Tuesday, 14 August 2012

Landrover scrubbing along but Dacia Duster should clean up


Let me start with an aside.

One of the things that I've noticed since starting this blog reviewing advertising is that good news ( ie when the review is favourable) whistles round the stakeholders' networks, whilst bad news is buried. Strange that.

Anyhow,a couple of car ads with  "cryptic" themes spotted last weekend. Landrover and Dacia.

First up Landrover.

Difficult for us Brits not to like this brand given its crucial role in our recent history.(Churchill's original is up for auction with a reserve of £60,000). 

So anyone working on this account has a built in advantage of the "benefit of the doubt" if the creative work gets slightly stuck in a rut.

This ad ran in the Telegraph magazine on 11 August.It is advertising a chance to "take the millionth Discovery 8000 miles to Beijing, across 13 countries and only 50 days to do it." In addition, we discover that the Red Cross and Red Crescent will benefit to the tune of £1m.
We are then referred to a web site to find out more.The ad is made up visually of a series of (evocative but rather dated 35 mm) film clips showing a Disco on various roads and conditions between here and the Orient, interspersed with road signs that spell out a cryptic message of "discovery" for those who get that far.

As a cryptic crossword fan I really, really wanted to commend this ad.
As a believer in Landrover,ditto.
But as a marketeer I can't. Because the ad is unlikely to work. (And there is a far simpler ad that will work far better, which will come later).
This is not because the ad is unattractive. It isn't. It's not over-original, but it is really rather beautiful. And quite clever. And arty.
It's because the ad has got caught up in someone's conceit, the result of which means we have a piece of indulgence rather than efficacy: art possibly, accountability no.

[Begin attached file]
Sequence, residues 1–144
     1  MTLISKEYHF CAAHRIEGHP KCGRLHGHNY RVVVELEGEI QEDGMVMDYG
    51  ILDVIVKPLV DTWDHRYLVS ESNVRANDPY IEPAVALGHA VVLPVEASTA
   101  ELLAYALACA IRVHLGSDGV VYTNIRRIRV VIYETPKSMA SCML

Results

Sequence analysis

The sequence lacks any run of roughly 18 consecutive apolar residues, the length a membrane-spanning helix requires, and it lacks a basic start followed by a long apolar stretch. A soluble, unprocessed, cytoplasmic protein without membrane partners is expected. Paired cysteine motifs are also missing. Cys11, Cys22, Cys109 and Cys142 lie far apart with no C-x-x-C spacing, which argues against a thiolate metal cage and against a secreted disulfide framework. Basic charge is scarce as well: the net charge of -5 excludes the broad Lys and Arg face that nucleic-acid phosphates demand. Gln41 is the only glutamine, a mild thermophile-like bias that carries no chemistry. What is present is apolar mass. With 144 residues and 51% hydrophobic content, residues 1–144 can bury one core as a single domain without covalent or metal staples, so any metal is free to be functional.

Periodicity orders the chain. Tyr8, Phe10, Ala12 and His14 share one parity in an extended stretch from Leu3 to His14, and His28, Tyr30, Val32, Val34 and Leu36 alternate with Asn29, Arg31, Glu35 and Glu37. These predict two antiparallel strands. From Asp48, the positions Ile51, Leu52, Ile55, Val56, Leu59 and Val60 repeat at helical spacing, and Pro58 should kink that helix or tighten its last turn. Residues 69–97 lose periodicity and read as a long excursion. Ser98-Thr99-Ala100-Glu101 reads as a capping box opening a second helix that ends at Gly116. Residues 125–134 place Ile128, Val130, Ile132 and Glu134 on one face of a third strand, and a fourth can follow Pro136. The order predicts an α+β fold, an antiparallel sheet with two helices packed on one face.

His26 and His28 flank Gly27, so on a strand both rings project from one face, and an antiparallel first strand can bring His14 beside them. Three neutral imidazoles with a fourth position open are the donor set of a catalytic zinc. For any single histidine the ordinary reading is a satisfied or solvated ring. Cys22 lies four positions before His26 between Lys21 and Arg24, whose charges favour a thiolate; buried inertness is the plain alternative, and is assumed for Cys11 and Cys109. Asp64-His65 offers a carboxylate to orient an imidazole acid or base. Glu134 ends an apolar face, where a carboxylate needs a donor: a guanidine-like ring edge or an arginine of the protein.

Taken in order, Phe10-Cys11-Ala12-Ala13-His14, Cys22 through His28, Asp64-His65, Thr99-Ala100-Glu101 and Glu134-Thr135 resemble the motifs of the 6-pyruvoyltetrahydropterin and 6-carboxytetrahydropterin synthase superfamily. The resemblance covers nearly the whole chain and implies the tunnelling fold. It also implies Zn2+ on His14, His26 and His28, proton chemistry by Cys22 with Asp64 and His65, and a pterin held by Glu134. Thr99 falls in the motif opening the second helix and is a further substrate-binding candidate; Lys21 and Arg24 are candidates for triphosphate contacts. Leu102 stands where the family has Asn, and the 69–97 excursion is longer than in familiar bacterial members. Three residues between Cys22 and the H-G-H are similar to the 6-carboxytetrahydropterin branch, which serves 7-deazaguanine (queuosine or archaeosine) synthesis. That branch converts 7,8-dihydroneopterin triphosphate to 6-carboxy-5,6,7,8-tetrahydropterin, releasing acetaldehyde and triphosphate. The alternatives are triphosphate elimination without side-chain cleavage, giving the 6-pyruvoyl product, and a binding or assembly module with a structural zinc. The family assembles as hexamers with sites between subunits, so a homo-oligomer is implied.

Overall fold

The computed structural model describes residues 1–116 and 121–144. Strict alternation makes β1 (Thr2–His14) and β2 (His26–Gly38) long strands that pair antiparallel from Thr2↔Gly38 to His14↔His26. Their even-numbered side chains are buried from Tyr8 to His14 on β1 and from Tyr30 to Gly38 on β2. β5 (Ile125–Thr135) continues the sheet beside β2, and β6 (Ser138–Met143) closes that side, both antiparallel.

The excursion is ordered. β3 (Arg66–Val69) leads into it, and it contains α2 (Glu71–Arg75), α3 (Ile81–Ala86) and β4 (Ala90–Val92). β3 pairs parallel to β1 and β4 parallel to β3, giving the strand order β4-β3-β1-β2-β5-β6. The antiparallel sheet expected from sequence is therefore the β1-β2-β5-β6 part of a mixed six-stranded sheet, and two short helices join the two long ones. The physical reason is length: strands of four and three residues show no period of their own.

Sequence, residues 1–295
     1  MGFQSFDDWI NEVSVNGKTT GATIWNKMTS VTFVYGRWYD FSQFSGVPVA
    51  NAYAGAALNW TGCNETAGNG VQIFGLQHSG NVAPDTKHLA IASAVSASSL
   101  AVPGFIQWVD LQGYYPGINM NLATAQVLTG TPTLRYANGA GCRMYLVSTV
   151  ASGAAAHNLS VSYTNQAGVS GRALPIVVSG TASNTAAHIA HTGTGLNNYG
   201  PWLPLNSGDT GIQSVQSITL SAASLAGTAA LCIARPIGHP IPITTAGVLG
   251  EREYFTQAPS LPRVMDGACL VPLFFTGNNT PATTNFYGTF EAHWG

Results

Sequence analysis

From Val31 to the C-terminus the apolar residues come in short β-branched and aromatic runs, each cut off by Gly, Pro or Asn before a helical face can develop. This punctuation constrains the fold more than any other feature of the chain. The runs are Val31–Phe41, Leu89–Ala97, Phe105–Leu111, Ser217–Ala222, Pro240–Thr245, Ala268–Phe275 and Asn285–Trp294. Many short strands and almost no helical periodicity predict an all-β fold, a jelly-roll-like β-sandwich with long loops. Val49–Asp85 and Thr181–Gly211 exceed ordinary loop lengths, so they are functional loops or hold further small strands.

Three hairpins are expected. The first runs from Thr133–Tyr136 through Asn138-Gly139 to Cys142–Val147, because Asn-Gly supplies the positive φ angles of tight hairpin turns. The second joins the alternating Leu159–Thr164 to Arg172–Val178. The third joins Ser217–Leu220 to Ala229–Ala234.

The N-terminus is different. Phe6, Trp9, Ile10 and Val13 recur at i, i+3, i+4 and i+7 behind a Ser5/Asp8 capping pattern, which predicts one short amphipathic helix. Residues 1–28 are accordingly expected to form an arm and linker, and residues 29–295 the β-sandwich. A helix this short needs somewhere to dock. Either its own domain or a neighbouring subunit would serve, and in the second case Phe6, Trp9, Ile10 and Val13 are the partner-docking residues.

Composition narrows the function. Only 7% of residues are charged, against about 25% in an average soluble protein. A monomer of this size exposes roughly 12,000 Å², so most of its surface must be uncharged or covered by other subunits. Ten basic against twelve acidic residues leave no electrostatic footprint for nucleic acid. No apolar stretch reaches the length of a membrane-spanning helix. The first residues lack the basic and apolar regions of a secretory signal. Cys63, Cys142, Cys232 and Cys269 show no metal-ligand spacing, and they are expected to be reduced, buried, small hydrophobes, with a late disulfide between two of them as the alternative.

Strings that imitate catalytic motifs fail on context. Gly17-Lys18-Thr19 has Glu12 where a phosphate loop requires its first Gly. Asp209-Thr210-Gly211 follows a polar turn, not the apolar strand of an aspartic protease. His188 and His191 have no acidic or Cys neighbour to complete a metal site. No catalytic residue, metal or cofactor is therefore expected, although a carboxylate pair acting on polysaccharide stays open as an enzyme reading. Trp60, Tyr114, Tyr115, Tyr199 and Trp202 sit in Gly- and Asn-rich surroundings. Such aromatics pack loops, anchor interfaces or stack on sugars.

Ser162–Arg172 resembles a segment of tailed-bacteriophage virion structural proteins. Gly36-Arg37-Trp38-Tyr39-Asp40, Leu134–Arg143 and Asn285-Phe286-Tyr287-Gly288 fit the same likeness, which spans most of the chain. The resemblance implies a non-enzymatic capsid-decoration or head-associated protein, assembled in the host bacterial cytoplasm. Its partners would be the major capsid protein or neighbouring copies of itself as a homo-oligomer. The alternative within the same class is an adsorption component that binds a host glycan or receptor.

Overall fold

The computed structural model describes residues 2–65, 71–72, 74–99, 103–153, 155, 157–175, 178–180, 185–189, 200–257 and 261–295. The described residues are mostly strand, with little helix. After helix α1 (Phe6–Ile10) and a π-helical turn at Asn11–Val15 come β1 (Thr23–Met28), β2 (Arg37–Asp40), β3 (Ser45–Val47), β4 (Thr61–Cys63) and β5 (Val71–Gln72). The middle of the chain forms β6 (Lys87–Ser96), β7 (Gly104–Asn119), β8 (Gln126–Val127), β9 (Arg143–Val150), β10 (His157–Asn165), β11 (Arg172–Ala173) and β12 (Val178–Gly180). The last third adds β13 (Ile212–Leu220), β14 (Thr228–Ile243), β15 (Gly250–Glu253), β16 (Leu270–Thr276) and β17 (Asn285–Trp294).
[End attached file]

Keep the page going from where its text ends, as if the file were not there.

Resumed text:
How it happens goes something like this.Someone, either the agency or the client comes up with what is essentially a promotional idea to plug the 1 millionth Discovery.
The agency creative team, who should actually knock out in 10 minutes a simple ad based on this premise, see an opportunity: (Their names have been changed to protect the guilty).
Gav: Ever been to Beijing Ed?
Ed: No I haven't Gav? Why you ask?
Gav:Fancy about six months out of the agency on a shoot for the new Discovery?
Ed: Does Dolly Parton sleep on her back?
The ad shown above slowly takes shape. The Landrover client is then shown the draft for the ad and brought into the plot to ensure it's actually made. ( Ed and Gav:"Why don't you come with us?" Client (who is paying): "Er...thanks don't mind if I do") and the caravan to the mystic Orient is ready to rock and roll.
The point of this is that the creative process involved is not only partly personal opportunism but often loses its way by becoming indulgently introspective and self serving. It does not take into account the way the punter actually receives advertising, how his brain is wired and how much work he is prepared to do to engage with an ad.

This ad looks inwards when it should be thrusting outwards. And for this reason it will be largely ignored.
More importantly, ads like this that deliberately attempt to conceal their message need to have such a major sense of satisfaction when the mystery is finally solved that the benefit of a smallish group of happy solvers outweighs the masses who never felt the urge to engage.The satisfaction in "solving" this ad is unlikely to reverberate around the dinner parties of Esher.
The ad lacks an entry point or hook that might conceivably have saved it.This entry point might for instance have been a (conventional) headline, based on The Challenge, that could somehow contextualise the visual element and encourage readers to solve the clue.
It would be hooking people in rather than "hoping" them in.
What we have in reality are the words in small print "Been anywhere interesting lately?" at the top right ( is this meant to be a headline or a slogan?) and the meat of the offer in even smaller print at the bottom. Both instantly missable.